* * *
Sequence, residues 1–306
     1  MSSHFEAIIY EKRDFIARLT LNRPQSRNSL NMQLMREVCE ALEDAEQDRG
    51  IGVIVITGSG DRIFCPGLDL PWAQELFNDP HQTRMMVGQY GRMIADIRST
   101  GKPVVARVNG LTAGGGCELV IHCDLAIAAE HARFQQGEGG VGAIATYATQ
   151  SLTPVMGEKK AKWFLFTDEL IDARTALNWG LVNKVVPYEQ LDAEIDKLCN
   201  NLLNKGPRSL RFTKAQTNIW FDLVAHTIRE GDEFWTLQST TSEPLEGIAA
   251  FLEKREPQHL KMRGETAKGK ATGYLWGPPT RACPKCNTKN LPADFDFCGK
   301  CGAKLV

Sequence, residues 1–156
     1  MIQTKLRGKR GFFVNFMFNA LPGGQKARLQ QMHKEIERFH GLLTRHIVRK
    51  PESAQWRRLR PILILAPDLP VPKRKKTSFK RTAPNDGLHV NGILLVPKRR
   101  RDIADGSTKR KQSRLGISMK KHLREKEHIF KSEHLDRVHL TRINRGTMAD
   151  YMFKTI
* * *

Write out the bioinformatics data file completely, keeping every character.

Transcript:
Sequence, residues 1–306
     1  MSSHFEAIIY EKRDFIARLT LNRPQSRNSL NMQLMREVCE ALEDAEQDRG
    51  IGVIVITGSG DRIFCPGLDL PWAQELFNDP HQTRMMVGQY GRMIADIRST
   101  GKPVVARVNG LTAGGGCELV IHCDLAIAAE HARFQQGEGG VGAIATYATQ
   151  SLTPVMGEKK AKWFLFTDEL IDARTALNWG LVNKVVPYEQ LDAEIDKLCN
   201  NLLNKGPRSL RFTKAQTNIW FDLVAHTIRE GDEFWTLQST TSEPLEGIAA
   251  FLEKREPQHL KMRGETAKGK ATGYLWGPPT RACPKCNTKN LPADFDFCGK
   301  CGAKLV

Sequence, residues 1–156
     1  MIQTKLRGKR GFFVNFMFNA LPGGQKARLQ QMHKEIERFH GLLTRHIVRK
    51  PESAQWRRLR PILILAPDLP VPKRKKTSFK RTAPNDGLHV NGILLVPKRR
   101  RDIADGSTKR KQSRLGISMK KHLREKEHIF KSEHLDRVHL TRINRGTMAD
   151  YMFKTI